It's A New Year

It's A New Year

This little South Australian loves snow, so the sight of it out our window this week just adds that little bit of excitement in my life (it’s the small things). You need to understand that I grew up with the view of the ocean – never snow! We were beach kids, not snow kids. I had never even touched snow until a Christmas in Wisconsin two years ago. That little ball of excitement I have when I see snow is a very similar feeling to what we now have with the Home Study behind us. On December 12th we had our Social Worker come and spend around four hours in our home to complete the Home Study. This was four hours filled with questions and more information about what we can expect. Now we are just waiting on the Home Study document to be sent to us. Once we receive this we can apply to the U.S government to adopt and also begin getting our Lesotho Dossier together. We have been advised that the total time or Dossier preparation could take 5-7 months. So…we keep putting one foot in front of the other.

We were given the book ‘Adopted for Life’ by Russell D. Moore for Christmas. This is the third adoption book I have read since beginning the process. There is an ‘education and training’ component to our Home Study which has been super helpful in thinking through some areas that we had not really thought about before. Moore discusses the need for family relationships and quotes one of my favourite authors, Wendell Berry. Berry notes:

A family necessarily begins to come apart if it gives its children entirely to the care of the school or the police, and its old people entirely to the care of the health industry. Nobody can deny the value of good care even away from home to people who have become helplessly ill or crippled or, in our present circumstances, the value of good daytime care for the children of single parents who have to work. Nevertheless, it is the purpose of the family to stay together, And like a community, a family doesn’t just stay together out of sentiment. It is certainly more apt to stay together if the various members need one another or are in some practical way dependent on one another. It’s probably worth the risk to say that families need to have useful work for their children and old people, little jobs that the other members are glad to have done.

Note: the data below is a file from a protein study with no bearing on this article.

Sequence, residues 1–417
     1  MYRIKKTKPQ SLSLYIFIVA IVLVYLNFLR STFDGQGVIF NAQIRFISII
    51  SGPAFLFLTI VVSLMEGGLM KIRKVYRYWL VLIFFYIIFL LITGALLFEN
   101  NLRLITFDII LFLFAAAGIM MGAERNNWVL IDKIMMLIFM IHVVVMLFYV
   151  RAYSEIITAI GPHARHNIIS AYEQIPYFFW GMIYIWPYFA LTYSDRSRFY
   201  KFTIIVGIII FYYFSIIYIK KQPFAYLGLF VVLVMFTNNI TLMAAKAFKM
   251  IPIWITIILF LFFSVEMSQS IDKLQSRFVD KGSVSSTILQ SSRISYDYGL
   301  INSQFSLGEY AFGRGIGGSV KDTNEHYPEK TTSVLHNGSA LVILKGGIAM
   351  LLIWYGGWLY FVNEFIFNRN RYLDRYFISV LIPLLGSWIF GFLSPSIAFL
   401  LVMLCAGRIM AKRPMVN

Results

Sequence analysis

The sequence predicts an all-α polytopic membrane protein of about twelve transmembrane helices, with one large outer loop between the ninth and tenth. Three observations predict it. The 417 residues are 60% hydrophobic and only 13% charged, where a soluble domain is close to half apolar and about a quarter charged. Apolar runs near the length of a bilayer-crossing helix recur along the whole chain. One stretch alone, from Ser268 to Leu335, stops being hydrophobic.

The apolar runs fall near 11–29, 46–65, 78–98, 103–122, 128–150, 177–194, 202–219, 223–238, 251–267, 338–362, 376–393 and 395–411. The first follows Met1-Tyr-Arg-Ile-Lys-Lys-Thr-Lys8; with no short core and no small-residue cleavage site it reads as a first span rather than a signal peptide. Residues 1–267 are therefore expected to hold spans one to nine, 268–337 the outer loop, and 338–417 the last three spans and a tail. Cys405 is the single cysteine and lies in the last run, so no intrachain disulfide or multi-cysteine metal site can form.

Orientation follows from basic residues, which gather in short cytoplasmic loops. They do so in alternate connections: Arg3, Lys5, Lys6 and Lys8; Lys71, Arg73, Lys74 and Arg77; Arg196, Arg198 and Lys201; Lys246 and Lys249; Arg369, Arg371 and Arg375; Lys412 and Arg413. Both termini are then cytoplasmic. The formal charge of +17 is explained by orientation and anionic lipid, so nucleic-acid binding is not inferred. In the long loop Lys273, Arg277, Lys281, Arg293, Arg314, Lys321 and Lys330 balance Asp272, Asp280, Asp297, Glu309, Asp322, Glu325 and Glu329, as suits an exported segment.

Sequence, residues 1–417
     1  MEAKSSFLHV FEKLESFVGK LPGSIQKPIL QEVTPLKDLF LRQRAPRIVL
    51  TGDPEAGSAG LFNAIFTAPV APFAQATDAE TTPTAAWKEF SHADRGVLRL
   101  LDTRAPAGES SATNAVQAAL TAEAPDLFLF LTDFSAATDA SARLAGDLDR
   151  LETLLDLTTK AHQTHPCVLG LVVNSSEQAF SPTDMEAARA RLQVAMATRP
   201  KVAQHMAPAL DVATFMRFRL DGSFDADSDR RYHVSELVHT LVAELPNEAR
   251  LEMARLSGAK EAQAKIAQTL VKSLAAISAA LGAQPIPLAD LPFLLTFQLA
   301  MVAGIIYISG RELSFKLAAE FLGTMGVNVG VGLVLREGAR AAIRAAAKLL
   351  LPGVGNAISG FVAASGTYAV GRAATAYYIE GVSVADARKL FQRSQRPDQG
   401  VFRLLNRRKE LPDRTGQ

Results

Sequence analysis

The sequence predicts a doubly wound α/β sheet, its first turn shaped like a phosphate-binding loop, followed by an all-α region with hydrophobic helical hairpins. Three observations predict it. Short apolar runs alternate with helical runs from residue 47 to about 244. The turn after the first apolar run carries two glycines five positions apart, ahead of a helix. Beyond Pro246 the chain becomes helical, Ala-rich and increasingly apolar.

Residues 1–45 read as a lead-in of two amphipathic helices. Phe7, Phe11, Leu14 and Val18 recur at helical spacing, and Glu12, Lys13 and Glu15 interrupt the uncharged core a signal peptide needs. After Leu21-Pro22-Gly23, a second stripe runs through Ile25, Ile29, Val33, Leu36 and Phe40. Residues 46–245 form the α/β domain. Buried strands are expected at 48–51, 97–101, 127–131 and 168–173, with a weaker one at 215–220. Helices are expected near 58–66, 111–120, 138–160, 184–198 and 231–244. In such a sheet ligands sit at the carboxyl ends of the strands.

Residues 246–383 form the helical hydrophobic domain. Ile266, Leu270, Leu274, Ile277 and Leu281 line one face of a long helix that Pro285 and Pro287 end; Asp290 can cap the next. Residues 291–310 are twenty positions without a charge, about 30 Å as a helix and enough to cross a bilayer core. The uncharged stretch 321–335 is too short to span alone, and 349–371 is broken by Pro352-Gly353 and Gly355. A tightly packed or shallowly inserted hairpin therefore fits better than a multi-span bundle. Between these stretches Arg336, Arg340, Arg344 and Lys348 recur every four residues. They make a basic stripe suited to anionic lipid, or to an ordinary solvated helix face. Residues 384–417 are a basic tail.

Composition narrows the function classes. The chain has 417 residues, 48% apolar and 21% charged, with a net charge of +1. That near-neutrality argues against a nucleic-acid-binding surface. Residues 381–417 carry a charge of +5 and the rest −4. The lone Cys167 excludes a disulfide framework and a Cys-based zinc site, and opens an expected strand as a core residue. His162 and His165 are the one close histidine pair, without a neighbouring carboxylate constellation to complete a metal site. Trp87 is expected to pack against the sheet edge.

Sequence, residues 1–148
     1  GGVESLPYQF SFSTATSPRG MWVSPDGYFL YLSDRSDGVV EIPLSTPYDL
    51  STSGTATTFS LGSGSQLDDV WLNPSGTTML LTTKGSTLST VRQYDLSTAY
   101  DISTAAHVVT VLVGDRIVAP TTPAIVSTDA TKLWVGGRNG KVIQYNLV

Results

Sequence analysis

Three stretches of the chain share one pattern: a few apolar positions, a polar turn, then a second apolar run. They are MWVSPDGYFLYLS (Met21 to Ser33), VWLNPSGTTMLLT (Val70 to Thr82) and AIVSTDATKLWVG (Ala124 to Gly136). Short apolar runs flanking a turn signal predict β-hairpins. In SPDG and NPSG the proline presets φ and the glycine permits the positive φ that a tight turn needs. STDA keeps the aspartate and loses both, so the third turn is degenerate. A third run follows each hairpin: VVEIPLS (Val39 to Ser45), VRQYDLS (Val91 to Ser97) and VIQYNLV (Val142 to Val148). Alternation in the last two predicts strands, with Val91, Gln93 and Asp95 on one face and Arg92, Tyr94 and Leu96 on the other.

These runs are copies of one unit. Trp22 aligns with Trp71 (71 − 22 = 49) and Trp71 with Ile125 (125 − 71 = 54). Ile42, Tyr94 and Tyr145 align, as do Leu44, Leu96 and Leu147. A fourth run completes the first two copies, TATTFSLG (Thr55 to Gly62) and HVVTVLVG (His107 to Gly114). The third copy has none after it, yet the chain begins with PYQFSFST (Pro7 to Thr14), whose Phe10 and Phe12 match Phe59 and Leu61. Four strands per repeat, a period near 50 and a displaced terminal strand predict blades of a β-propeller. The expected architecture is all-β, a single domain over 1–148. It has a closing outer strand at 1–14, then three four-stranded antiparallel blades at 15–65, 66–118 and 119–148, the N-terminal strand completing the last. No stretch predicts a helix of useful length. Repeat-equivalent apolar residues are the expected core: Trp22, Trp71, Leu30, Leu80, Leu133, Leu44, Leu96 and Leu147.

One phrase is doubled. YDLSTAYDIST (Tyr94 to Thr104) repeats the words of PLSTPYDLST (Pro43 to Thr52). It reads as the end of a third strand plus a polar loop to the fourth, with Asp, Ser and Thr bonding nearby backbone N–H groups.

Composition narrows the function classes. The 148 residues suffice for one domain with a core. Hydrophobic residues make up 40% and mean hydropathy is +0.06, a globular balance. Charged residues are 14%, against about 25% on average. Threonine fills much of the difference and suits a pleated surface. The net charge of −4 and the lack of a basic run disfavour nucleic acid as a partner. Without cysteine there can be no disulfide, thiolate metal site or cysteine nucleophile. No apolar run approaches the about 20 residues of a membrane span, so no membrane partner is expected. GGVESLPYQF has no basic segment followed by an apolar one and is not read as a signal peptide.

Families are valuable to the individual, to the orphan and to society. We all have our own family culture and no matter how much we can say how crazy our family is we all know that protective feeling that arises when someone speaks ill of our family. Everyone needs protecting. Everyone needs a family. Thank God that his desire is to put everyone in a family.

So, I think about our adoption a lot. I think about how our household will change. I think about how my car rides will change. I think about how our family will change. But, sometimes it really hits me. In order for this to happen we need $40,000. Now that comes like a smack in the face sometimes – it is the reality. I know once I have the Home Study document I can start testing my grant writing skills, but I am also reminded that this is going to have to be a community effort. We need you to seriously consider helping us. Even if it is small or maybe you can stretch a little and give a lot. We humble ourselves and ask for you to support our family.

Anyone (no matter what country you live in :-)) can go directly to http://smallworldadoption.com/faq-2/payment-2/ and in the description write ‘for the children to be adopted by the Clausing family’.

For the many ways that so many have helped already, we are thankful. And for the many ways that we will be supported going forward, we are thankful.

Thank you for traveling this road with us.

Is This Our First Hurdle?

Is This Our First Hurdle?

Thankful Hearts

Thankful Hearts

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